24 comparison, the White student does not qualify for subsidized school meals, Special Education services or English Language Learner support and is not repeating a grade. The values that appear in each vertical bar indicate the magnitude of difference from this comparison student, and the stars indicate the level of statistical significance. Thus, if there is no difference in the learning gains, the bar would be missing entirely; if the learning of the student group in question is not as great as the comparison baseline, the bar is negative; and if the learning gains exceed the comparison, the bar is positive. 2. Graphs labeled a display the results of a second comparison testing whether the learning gains in the charter school student subgroup differs significantly from their VCRs in the same student subgroup. As with the first graph, stars denote statistical significance. Figure 9: Learning Gains of Black Students Benchmarked Against TPS White Student Learning Gains.10 Overall Ohio Cincinnati Cleveland Columbus Dayton 72 Growth (in standard deviations) ** -.17** -.17** -.17** -.18** -.15** -.18** -.17** -.19** -.15** -.14** -.10** -.14** -.16** -.14** -.15** -.22** -.22** -.29** -.25** Days of Learning -.35 Traditional Public School Charter Traditional Public School Charter Traditional Public School Charter Traditional Public School Charter Traditional Public School Charter -252 Reading Math * Significant at p 0.05 ** Significant at p 0.01 Overall in Ohio, Black students in both TPS and charter schools have significantly weaker academic growth in both reading and math when compared to average White TPS students, the baseline comparison. The results by city suggest the learning differences between Black and White students are smallest for Cleveland charter school students and largest for Black students in Dayton charter schools. Figure 9a displays the differences in learning between Black students enrolled in TPS and charter schools. 24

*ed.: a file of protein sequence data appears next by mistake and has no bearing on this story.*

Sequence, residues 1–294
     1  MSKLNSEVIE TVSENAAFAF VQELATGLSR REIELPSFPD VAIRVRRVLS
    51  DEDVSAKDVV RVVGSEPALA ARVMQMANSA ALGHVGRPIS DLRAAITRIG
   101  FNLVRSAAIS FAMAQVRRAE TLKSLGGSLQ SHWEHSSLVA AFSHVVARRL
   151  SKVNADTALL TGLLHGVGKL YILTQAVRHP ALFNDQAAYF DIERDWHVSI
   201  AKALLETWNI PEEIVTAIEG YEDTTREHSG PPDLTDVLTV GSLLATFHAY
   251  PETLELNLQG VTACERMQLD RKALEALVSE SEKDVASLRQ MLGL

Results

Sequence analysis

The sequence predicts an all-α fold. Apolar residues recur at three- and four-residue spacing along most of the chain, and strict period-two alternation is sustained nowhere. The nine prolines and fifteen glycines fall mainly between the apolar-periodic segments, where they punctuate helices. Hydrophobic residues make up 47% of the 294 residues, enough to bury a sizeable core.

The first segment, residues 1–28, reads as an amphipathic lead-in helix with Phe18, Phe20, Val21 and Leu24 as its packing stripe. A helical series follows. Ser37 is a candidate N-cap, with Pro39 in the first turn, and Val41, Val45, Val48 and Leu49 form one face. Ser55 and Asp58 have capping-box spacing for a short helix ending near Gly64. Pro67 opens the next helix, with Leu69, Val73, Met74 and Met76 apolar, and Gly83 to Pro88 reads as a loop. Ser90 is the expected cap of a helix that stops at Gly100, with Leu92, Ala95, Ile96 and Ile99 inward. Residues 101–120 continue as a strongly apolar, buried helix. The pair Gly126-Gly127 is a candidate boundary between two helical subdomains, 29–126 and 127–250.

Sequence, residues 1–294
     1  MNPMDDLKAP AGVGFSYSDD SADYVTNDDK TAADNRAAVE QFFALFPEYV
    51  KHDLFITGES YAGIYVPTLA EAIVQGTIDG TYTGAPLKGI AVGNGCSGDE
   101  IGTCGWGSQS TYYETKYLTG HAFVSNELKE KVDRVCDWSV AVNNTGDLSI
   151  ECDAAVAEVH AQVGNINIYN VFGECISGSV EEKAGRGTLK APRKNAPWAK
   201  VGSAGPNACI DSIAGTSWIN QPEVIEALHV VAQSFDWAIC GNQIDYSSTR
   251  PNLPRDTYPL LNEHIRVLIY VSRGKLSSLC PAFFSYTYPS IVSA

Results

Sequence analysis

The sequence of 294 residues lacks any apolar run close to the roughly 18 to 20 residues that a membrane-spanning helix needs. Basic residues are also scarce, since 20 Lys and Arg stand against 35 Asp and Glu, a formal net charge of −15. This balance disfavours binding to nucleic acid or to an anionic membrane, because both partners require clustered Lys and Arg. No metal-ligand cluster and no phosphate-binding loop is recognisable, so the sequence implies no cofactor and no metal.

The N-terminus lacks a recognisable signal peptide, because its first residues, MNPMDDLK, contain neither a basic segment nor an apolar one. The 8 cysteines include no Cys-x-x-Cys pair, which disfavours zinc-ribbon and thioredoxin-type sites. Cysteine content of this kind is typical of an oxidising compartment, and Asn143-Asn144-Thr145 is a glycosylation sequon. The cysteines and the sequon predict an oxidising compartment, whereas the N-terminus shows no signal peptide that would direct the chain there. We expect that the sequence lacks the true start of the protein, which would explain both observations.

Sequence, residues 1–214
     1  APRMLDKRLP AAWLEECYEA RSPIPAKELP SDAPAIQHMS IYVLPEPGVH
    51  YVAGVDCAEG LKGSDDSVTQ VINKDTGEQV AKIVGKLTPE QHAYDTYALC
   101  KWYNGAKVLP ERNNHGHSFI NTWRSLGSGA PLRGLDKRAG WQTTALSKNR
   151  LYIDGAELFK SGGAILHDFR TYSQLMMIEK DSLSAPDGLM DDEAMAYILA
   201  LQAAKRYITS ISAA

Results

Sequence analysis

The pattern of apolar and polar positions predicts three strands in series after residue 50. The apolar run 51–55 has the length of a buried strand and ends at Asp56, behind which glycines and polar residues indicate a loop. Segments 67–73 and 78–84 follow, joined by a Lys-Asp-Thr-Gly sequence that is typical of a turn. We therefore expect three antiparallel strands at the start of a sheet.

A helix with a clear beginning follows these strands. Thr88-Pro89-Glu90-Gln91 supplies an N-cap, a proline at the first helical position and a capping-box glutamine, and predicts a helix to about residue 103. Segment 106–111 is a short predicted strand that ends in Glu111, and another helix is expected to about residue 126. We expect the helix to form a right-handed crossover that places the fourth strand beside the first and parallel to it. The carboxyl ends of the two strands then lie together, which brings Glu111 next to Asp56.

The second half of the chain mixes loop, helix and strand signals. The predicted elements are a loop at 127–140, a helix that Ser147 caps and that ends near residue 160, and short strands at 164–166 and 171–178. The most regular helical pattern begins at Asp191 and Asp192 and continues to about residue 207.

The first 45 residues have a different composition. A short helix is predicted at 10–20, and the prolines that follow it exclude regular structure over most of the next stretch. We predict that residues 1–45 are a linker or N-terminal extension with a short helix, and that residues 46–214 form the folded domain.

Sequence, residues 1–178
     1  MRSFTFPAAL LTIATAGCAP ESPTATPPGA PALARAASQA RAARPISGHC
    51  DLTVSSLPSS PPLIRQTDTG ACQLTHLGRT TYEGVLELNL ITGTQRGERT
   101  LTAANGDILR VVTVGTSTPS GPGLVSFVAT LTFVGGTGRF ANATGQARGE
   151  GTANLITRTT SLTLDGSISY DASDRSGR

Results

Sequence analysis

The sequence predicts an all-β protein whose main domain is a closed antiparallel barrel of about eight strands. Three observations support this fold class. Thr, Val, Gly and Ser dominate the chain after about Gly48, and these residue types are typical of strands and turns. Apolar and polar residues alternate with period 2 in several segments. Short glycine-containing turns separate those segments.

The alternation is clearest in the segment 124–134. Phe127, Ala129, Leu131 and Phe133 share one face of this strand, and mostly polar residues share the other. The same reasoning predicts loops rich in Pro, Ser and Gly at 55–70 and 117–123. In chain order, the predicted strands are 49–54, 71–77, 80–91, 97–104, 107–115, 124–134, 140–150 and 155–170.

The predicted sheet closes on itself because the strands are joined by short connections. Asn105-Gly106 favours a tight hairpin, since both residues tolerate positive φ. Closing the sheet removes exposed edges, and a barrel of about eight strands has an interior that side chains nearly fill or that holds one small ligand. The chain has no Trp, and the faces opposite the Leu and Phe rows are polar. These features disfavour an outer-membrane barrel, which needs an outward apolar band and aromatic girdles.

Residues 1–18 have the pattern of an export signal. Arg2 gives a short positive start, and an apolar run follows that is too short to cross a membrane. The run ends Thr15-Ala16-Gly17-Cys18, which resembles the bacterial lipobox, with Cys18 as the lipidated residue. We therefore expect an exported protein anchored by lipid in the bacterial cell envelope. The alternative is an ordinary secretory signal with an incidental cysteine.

25 Figure 9a: Relative Learning Gains for Black Charter School Students Benchmarked Against their TPS Black Peers Difference btw TPS and Charter ** * Overall Ohio Cincinnati Cleveland Columbus Dayton Days of Learning Reading Math * Significant at p 0.05 ** Significant at p 0.01 Overall, in Ohio, there is no difference in learning for either math or reading between Black students in charter schools and Black students in TPS. Of the featured cities, Cincinnati and Columbus follow the same trend of Ohio overall, showing no significant differences in learning between Black charter students and TPS students in either reading or math. In Cleveland, Black students in charter schools perform significantly better in math than students in TPS. This difference equates to 36 days of learning. In Cleveland, Black charter students appear to perform better in reading than their Black TPS counterparts; however, this difference does not reach statistical significance. In Dayton, the opposite appears to be true. In Dayton, Black charter students fall behind Black TPS students by 50 days of learning in reading. In math, Black charter students look to be performing worse in math than Black TPS students; however this difference is not statistically significant. 25